There is a canon like structure in front of the palace called the King’s “ammi” (a small stone used to grind herbs in households) by the locals. The Kalyana Mahal (Marriage Place) of Rajagiri hill is a pyramidal dome on a four storied rectangular open air structure. There are terracotta pipes to keep the place cool even during the peak of summer. The other structures are gymnasium, granary, barracks, the mosque of Mahabut Khan and a royal harem for all the wives and concubines of the ruler.
It is an arduous trek to the top of the citadel. I almost gave up midway to the fort, but the promise of a beautiful vista on the top kept me going.
There were very few visitors as it was a weekday, and a few went all the way to the top. The monkeys (Bonnet Macaques) are used to the visitors and try to snatch anything that is in a plastic cover. It is advisable to carry food and water in a backpack. Keep your bag and camera close to body and be wary of these overenthusiastic monkeys. The trek took uphill took about 2 hours and I came to the final leg of the climb, which is a drawbridge that connects the citadel.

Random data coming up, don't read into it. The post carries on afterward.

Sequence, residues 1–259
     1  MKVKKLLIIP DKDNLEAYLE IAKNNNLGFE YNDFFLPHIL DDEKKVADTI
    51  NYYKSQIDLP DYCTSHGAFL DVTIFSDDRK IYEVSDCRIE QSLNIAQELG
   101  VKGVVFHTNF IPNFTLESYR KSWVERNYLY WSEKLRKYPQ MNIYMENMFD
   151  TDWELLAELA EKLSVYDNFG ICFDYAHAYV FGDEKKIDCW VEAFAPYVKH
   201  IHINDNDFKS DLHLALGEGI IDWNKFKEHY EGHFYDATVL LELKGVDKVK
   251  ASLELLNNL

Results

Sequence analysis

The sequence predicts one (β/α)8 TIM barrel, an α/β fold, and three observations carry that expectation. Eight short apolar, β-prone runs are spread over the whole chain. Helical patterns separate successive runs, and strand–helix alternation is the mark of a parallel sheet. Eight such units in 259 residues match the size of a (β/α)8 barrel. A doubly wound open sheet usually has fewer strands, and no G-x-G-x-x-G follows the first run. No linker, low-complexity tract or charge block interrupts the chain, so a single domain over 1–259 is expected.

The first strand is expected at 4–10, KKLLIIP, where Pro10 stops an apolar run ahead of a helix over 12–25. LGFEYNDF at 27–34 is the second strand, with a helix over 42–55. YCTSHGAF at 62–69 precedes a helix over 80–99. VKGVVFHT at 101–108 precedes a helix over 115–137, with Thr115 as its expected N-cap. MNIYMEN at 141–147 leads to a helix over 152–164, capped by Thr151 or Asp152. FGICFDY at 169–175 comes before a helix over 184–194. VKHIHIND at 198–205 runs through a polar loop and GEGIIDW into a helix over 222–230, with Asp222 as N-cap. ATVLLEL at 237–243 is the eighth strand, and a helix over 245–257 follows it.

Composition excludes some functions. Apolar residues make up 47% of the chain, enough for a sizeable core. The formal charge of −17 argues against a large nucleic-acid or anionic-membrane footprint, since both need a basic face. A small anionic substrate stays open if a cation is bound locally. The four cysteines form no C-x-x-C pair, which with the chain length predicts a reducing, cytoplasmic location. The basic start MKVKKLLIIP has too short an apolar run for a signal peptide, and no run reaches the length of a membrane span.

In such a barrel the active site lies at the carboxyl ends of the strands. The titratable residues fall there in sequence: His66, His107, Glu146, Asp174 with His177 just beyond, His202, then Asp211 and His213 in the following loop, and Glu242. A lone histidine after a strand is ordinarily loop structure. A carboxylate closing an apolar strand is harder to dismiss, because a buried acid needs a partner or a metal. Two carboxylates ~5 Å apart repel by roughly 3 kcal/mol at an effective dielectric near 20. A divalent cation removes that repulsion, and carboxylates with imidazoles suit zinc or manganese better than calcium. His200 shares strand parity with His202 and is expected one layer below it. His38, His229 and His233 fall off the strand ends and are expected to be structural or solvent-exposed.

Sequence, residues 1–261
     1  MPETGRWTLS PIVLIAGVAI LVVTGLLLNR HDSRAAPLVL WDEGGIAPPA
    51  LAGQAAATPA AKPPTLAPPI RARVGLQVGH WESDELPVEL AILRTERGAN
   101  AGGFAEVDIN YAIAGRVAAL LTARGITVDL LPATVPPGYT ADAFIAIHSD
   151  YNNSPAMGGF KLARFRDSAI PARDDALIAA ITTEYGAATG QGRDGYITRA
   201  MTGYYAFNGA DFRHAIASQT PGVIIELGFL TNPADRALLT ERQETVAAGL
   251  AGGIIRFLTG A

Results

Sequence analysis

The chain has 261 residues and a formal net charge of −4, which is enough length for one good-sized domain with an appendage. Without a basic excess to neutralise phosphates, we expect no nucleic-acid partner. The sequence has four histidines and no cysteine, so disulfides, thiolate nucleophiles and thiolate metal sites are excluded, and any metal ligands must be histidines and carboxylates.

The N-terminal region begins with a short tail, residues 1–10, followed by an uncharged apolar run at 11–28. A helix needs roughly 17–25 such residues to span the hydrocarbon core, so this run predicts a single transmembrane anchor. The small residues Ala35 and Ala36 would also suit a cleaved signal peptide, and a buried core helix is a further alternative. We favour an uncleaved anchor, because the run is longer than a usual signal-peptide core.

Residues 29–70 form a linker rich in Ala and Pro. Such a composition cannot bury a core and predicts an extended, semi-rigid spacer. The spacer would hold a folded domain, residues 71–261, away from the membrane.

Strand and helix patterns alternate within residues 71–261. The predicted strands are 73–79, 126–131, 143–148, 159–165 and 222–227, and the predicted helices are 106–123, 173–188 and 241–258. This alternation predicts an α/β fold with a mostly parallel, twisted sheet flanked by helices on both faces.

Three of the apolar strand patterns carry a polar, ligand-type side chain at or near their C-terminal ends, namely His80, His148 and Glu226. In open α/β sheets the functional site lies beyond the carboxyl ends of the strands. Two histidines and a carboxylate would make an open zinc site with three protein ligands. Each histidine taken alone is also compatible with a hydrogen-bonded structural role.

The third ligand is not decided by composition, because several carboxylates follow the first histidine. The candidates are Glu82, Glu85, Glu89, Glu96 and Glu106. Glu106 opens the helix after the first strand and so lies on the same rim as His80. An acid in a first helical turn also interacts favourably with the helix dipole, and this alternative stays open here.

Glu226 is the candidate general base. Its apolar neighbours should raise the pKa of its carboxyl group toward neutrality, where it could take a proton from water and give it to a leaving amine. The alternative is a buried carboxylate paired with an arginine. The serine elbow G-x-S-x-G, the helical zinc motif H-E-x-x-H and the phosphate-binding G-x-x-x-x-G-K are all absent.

On the top you can see the sprawling plains and the other two forts. One of the interesting views is that of the Venkataramana Temple.
The other structures in the citadel are; a temple for Kamalakani Amman, a smaller granary, a lookout tower and living quarters.
No wonder Chhatrapathi Shivaji considered the Gingee Fort to be most impregnable fort in India.
After spending an hour on the top, I slowly descended the fort. The walk down to was equally hard and it was really tough on my knees. I did not expect such a climb and was not prepared physically for this trek. I got to the bottom of the fort and had a long drink of water. It was about 4 pm and got an auto-rickshaw back to the town.
A few things to consider before taking this trek:
1. Carry enough food and water. There are no facilities catering food or water.
2. Be prepared for a tough trek uphill and be physically fit. (Not advisable for elderly)
3. Get there early and start the trek early, as it gets hotter.
4. Take adequate protection against heat.